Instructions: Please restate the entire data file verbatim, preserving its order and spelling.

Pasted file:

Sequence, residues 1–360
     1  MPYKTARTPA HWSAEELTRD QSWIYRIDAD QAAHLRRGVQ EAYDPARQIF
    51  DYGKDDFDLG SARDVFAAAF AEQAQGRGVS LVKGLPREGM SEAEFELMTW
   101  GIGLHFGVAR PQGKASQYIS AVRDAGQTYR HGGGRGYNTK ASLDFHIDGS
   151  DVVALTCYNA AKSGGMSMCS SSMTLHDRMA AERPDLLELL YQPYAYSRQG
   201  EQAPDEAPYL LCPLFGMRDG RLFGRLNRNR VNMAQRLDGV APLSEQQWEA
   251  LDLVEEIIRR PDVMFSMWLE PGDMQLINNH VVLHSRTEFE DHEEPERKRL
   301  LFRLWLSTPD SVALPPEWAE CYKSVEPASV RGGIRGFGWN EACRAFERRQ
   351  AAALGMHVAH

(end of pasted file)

Sequence, residues 1–360
     1  MPYKTARTPA HWSAEELTRD QSWIYRIDAD QAAHLRRGVQ EAYDPARQIF
    51  DYGKDDFDLG SARDVFAAAF AEQAQGRGVS LVKGLPREGM SEAEFELMTW
   101  GIGLHFGVAR PQGKASQYIS AVRDAGQTYR HGGGRGYNTK ASLDFHIDGS
   151  DVVALTCYNA AKSGGMSMCS SSMTLHDRMA AERPDLLELL YQPYAYSRQG
   201  EQAPDEAPYL LCPLFGMRDG RLFGRLNRNR VNMAQRLDGV APLSEQQWEA
   251  LDLVEEIIRR PDVMFSMWLE PGDMQLINNH VVLHSRTEFE DHEEPERKRL
   301  LFRLWLSTPD SVALPPEWAE CYKSVEPASV RGGIRGFGWN EACRAFERRQ
   351  AAALGMHVAH